Frank Luntz: Why One of the Most Unlikely People Has the Best Advice About Fighting Climate Change
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In January of this year, American political consultant Dr. Frank Luntz released a 17-page talking points memo titled “The Language of Financial Reform,” in which he urges opponents of bank reform to reframe the effort as a mishmash of bailouts, loopholes and bureaucracy. In short order, Luntz-listening legislators lined up to shout “BLACK” at the kettle, before returning to their work crafting endless loopholes to bail out campaign contributors in their home states. I read the memo upon its release and promptly tossed it in my compost bin (I’m always short on browns).
Flash forward to last Tuesday evening. After viewing “Alice in Wonderland,” I stopped at a pub to wash from my mouth the saccharine taste of Disney. After a fewmany cans of Olympia, I walked home.
And here’s where my tale gets strange, almost unbelievable ...
Crossing my yard, I stepped squarely on … my copy of Luntz’ memo. You can imagine my confusion. A weeks old copy of Luntz’ memo had somehow returned to me from the depths of my compost bin. Had a raccoon, desperate for light reading, fished it out and only now returned it?
I took it as a sign, or perhaps the manipulations of the ghost of Grover Cleveland. I set about re-reading the material. This time, aided by my 3D beer goggles, I was able to read the true meaning of Luntz’ words. Like Roddy Piper in “They Live” or Nicolas Cage in “National Treasure” I had stumbled upon not so much a conspiracy but a secret hidden in plain sight. “The Language of Financial Reform” has nothing to do with finances, which is why, in that context, it sounds like so much gibberish. But, with a little reframing of the reframing framework, the message becomes all too clear:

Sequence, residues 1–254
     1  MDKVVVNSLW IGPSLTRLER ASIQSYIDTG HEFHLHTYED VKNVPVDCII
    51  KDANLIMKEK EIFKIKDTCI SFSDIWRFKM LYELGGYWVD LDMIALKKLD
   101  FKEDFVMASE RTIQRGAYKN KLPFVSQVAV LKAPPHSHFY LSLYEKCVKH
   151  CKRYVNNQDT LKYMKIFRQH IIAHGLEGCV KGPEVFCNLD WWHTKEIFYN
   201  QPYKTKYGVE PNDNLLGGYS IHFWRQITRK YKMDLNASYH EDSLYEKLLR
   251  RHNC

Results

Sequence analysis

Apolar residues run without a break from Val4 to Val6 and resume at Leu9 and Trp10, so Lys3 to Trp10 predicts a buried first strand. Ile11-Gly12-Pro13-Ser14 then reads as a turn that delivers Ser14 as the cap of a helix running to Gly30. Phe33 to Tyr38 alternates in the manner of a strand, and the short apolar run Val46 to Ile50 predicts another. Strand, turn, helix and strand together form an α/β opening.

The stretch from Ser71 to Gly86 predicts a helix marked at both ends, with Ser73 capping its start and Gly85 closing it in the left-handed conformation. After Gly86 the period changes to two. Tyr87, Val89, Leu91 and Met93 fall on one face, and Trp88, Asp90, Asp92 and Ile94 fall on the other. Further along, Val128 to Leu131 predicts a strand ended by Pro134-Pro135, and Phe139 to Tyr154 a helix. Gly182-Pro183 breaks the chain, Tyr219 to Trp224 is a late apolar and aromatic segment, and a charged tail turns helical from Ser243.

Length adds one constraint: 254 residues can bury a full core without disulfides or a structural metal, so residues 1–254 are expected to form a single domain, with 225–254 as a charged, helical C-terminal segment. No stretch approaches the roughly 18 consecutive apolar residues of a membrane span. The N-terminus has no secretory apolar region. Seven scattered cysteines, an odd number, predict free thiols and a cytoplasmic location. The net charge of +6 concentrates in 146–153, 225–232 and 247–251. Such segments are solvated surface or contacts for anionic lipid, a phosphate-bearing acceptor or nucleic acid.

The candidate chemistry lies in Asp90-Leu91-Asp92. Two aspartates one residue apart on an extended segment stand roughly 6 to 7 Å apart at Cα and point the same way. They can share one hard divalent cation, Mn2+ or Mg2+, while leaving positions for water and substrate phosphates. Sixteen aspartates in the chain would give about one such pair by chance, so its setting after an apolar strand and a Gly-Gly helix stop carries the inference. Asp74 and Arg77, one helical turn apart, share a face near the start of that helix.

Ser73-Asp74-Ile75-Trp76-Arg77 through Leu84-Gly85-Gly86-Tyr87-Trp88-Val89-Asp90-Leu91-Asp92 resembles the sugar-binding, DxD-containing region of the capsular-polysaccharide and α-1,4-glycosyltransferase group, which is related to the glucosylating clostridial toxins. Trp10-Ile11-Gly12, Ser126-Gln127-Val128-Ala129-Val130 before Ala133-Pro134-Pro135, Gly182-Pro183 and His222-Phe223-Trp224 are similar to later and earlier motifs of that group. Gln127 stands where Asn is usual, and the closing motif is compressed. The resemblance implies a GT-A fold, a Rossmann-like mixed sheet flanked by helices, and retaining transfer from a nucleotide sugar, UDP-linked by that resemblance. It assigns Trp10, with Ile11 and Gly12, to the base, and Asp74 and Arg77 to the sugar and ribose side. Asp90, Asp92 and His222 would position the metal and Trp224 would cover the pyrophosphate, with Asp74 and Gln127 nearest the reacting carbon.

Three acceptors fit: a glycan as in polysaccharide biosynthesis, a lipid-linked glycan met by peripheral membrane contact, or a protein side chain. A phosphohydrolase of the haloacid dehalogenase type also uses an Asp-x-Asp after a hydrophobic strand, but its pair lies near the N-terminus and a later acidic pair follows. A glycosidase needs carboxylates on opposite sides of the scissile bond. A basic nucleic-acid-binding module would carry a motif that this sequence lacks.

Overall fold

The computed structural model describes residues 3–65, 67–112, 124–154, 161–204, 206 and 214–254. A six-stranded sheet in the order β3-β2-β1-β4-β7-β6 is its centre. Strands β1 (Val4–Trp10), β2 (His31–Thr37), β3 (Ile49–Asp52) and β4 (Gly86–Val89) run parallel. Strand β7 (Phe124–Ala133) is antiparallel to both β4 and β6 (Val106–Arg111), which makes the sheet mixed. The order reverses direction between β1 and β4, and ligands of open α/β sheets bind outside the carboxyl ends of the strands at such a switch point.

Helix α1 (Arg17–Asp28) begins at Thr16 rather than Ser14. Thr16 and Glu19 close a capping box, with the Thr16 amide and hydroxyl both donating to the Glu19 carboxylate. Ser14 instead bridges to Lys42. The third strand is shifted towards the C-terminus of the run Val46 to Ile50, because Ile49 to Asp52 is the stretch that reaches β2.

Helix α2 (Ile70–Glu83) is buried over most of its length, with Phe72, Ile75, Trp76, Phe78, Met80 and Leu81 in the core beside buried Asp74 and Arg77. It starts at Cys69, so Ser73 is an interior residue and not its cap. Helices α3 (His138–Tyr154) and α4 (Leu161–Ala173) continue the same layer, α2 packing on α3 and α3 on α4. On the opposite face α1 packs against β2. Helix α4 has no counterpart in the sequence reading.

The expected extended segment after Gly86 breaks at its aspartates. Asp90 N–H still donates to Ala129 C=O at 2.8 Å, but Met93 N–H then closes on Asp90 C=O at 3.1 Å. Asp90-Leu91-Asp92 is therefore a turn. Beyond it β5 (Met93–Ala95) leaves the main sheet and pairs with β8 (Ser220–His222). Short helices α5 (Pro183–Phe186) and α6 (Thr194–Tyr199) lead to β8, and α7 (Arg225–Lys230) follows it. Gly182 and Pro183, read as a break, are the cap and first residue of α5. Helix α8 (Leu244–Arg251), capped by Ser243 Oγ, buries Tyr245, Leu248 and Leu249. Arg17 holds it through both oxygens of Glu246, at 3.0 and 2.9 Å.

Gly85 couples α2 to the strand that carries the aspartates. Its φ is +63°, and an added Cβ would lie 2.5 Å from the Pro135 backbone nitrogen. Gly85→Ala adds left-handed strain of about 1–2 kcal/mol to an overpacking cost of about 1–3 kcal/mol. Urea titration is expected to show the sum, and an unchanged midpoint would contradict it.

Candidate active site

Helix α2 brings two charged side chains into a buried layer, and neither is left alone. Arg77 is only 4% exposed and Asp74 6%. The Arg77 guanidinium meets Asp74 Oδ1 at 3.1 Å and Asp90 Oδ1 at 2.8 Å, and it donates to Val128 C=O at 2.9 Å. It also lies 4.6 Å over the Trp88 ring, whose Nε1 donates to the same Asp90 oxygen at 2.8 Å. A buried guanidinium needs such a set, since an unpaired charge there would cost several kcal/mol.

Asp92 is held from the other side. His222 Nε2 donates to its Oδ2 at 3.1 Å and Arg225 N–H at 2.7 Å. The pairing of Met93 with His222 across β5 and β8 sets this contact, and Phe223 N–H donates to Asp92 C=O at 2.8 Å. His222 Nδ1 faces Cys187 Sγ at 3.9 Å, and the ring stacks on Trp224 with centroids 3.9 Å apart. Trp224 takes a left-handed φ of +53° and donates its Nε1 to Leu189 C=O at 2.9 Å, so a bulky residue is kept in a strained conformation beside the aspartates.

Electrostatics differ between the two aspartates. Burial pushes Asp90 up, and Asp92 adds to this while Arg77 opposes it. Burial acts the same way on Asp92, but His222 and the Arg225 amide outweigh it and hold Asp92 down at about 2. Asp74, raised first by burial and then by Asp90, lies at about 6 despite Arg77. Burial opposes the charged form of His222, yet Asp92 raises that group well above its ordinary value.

Frank Luntz wants Americans to fight for aggressive climate change legislation.
What follows is my point-by-point (18 in all) translation of Luntz’ primary talking points. Words in bold are direct from Luntz and are followed by my explanatory text. In case you’ve a case of Oly stashed and want to skip my translation and see for yourself, Luntz’ original memo can be downloaded here.
To kick things off, Luntz launches into his pro-environment manifesto with these powerful, powerful words ...
When addressing the crisis, never forget its impact on your audience. Above all else, never EVER minimize the pain.
The converging economic, environmental and energy crises are going to bring real and measurable pain to everyone. This pain will affect young, old, rich and poor alike. We mustn’t pretend that there will be no pain or sacrifices as we transition to a world unlike the one we’ve left behind. To promote the idea of an impending ‘return to normal’ is irresponsible on the individual level, reprehensible at the government level.
Point 1: Americans are divided on the cause of the crisis. The consequence of the crisis may be undeniable, but its cause is debatable.
Whether the cause of the climate change that is being felt right now in every nation, body of water and mountain peak is anthropogenic, anthroposophic or the result of too many lighting bolts being cast down by an increasingly disenchanted Zeus, now is not the time to get mired in the blame game. Rather, as the consequences are undeniable (starvation, warfare, disease – pick a level of hell and insert it here), Americans need to unite around the unassailable facts and work to immediately build resilience at the local and national levels.
Point 2: You must acknowledge the need for reform that ensures this NEVER happens again. The status quo is not an option.